Reynolds new RZR 92 wheelset is one of the most advanced – and expensive – wheelsets to have ever been created. Each set takes around 60 man hours in labour to make.
The RZR 92 wheels’ creator, American composites expert Paul Lew, recently visited the UK to talk us through the wheels’ features and why he thinks they are the fastest set of hoops currently on the market.
>> Subscribe to Cycling Weekly this Autumn and save 35%. Enjoy the luxury of home delivery and never miss an issue <<
Firstly, the RZR 92 name is derived from the depth of the carbon rims – 92mm. This is a significant increase on some of the other direct competitors at this end of the wheel market, namely the 80mm rims on Zipp’s 808 Firecrest wheelset, although a pair of these will set you back around £2,100. Lew reckons the RZR 92’s are worth 20W at 50km/h compared to the ‘nearest competitor’.
The deeper rim has come about due to an increase in rim width to accommodate 19-22mm tubulars with no significant difference in drag. The rim bulges out slightly a third of the way up before tapering to the spoke face in an aerodynamic profile. This increases the aerodynamic properties of the rim in a wider angle of yaw than flat-sided models.
Reynolds claim that the RZR 92 rear wheel is faster than a disc wheel. This claim, they say, is backed up by extensive computational fluid dynamics modelling and then validated in wind tunnel tests.
Lew (pictured right), who now works for Reynolds as its director of technology and innovation having started in wheel design in the late Eighties, is adamant that wind-tunnel testing of wheels isn’t the be all and end all of aerodynamic design.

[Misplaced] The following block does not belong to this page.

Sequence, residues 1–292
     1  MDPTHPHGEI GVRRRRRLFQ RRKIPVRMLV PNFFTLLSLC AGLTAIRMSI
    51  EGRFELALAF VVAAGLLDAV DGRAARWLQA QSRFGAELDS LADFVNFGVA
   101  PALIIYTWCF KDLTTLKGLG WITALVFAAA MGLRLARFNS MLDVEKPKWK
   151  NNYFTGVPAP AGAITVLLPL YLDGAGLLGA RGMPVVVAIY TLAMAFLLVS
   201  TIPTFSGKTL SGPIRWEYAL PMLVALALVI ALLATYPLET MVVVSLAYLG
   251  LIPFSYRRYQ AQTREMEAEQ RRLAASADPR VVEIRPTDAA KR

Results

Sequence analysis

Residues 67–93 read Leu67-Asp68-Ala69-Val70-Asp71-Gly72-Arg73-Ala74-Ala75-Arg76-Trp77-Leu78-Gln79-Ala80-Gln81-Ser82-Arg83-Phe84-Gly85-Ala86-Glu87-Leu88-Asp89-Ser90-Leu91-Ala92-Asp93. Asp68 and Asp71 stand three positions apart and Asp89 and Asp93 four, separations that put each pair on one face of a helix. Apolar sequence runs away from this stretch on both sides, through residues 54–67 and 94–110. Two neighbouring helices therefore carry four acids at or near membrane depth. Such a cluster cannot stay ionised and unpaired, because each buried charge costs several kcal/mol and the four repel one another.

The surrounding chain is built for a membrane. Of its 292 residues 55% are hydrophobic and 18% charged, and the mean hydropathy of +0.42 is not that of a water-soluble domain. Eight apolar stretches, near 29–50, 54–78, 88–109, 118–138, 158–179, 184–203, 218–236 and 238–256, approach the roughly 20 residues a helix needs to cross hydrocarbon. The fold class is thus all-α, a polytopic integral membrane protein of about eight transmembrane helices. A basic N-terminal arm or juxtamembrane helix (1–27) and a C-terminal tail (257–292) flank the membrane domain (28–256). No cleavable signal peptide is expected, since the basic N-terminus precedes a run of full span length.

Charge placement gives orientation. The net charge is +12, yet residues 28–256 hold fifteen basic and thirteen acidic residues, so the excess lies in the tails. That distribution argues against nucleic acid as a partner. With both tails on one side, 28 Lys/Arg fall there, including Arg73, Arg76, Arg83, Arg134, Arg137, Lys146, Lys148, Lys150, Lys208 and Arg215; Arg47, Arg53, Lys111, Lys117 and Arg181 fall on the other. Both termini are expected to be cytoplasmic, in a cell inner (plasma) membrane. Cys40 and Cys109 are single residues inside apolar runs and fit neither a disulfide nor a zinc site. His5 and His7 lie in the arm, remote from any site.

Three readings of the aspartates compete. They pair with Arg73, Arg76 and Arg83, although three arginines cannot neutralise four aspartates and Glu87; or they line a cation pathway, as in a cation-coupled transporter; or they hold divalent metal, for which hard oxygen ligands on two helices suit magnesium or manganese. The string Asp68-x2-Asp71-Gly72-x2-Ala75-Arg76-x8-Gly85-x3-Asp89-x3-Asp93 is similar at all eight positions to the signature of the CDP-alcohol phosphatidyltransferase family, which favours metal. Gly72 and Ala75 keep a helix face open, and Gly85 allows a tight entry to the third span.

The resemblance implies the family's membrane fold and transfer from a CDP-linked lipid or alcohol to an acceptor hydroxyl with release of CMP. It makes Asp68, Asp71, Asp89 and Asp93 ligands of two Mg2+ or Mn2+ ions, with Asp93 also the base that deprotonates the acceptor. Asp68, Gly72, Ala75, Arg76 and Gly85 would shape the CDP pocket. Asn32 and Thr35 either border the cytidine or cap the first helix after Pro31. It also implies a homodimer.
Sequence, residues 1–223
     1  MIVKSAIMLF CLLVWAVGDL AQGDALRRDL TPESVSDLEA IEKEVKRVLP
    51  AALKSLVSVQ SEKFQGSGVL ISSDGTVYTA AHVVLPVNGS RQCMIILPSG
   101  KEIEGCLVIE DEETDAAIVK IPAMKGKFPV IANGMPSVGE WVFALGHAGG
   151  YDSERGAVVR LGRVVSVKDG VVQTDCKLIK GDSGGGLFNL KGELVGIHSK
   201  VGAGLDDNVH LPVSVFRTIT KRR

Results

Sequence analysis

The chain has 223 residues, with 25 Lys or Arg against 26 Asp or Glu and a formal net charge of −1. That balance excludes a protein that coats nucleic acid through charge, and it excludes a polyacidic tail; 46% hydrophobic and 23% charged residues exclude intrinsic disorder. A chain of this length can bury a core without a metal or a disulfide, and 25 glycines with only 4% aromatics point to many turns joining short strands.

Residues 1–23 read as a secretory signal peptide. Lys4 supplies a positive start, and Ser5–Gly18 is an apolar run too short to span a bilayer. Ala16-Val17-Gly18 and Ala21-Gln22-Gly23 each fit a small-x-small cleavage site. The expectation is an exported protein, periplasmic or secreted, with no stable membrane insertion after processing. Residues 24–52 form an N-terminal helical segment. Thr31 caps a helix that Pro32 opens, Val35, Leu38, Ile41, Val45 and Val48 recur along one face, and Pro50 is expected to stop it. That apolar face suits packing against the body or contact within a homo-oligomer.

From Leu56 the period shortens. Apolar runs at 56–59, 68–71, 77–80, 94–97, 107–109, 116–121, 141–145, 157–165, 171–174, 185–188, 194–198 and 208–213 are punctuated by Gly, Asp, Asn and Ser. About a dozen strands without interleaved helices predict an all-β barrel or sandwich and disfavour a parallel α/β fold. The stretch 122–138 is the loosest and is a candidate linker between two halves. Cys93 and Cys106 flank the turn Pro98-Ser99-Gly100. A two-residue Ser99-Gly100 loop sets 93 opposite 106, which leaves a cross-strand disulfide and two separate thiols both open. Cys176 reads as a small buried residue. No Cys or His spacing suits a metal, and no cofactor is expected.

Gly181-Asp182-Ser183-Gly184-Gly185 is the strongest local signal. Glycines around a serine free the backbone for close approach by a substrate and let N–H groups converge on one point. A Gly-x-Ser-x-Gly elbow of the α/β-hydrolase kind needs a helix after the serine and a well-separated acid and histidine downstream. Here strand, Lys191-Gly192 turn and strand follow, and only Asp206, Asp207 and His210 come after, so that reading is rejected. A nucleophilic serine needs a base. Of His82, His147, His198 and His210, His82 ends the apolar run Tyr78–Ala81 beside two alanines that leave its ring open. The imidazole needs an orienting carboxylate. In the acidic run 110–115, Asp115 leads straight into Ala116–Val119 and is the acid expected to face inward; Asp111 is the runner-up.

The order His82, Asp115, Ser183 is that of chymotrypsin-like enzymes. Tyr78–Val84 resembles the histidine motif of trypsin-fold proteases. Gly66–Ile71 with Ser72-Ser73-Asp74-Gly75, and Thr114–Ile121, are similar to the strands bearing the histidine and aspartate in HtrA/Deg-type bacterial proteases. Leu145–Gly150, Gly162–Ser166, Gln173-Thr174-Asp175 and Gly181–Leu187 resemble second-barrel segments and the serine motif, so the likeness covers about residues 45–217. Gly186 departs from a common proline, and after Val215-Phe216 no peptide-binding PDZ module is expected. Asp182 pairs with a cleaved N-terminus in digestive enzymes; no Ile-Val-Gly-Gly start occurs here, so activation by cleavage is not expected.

“While I have spent hundreds of hours in the wind tunnel, I personally find that wind tunnel testing is over-rated,” Lew says.
“It’s a component of overall design – wind tunnel testing is a validation tool.”
Lew’s theory is that you can test wheels in a wind tunnel, but in the real world they are fitted to a bike – a potentially vast array of bikes, each with its own aerodynamic characteristics that will affect airflow around the bike and wheels.
“Wheels don’t race on their own without a bike and a cyclist, so I don’t like to test individual wheels. It’s an unfinished story as there’s no real world performance to back it up,” says Lew.
One feature of the rear wheel that immediately strikes you is the third, central flange – which Reynolds call the ‘torque flange’. The two outer flanges feature a radial spoke pattern, with the central flange running directly in line with the rim face. There is no tension on the spokes, unlike conventional steel spoked wheels which can have up to 20kg load per spoke.
All of the spokes are bladed all the way to the rim, again to maximise their aerodynamic property. Each spoke includes a double strand of Kevlar, so that if they do break they will not become displaced, and because there is no load in the spokes the rim doesn’t become deformed if several spokes break. Spokes can be replaced at the Reynolds factory.
Bearings are another area of wheel design in which Lew is flying in the face of fashion. “We will continue using steel bearings rather than ceramic as they have less rolling resistance. I think ceramic bearings are a waste of money for cyclists,” says Lew.
“Ceramic bearings are only valid for one race as the balls become chipped, and once that happens any rolling resistance advantage goes.”
The rims use Reynolds CTg (Cryo Glass Transition Temperature) braking surface for use with its Cryo Blue brake pads. This braking system has been developed to minimise heat build-up under braking without unduly affecting stopping power.
Reynolds are claiming a weight of 1452g per pair of RZR 92s. They are UCI approved.
Priced at £4,800, cutting-edge technology doesn’t come cheap, but Lew’s next task is to transfer some of the key technology used in the wheels in a more affordable package. First up could be a system that uses similar rims with steel spokes.
Pricing: £4800 per pair, £2800 for rear only, £2000 for front only.
Reynolds wheels are distributed in the UK by Upgrade Bikes.
RZR 92 rear hub with three flanges, including centre ‘torque flange’
Non-drive side of the rear hub clearly shows the radial spoking on the outside flanges with tangential spokes on the torque flange
Deep rim section
Paul Lew with the RZR 92 wheelset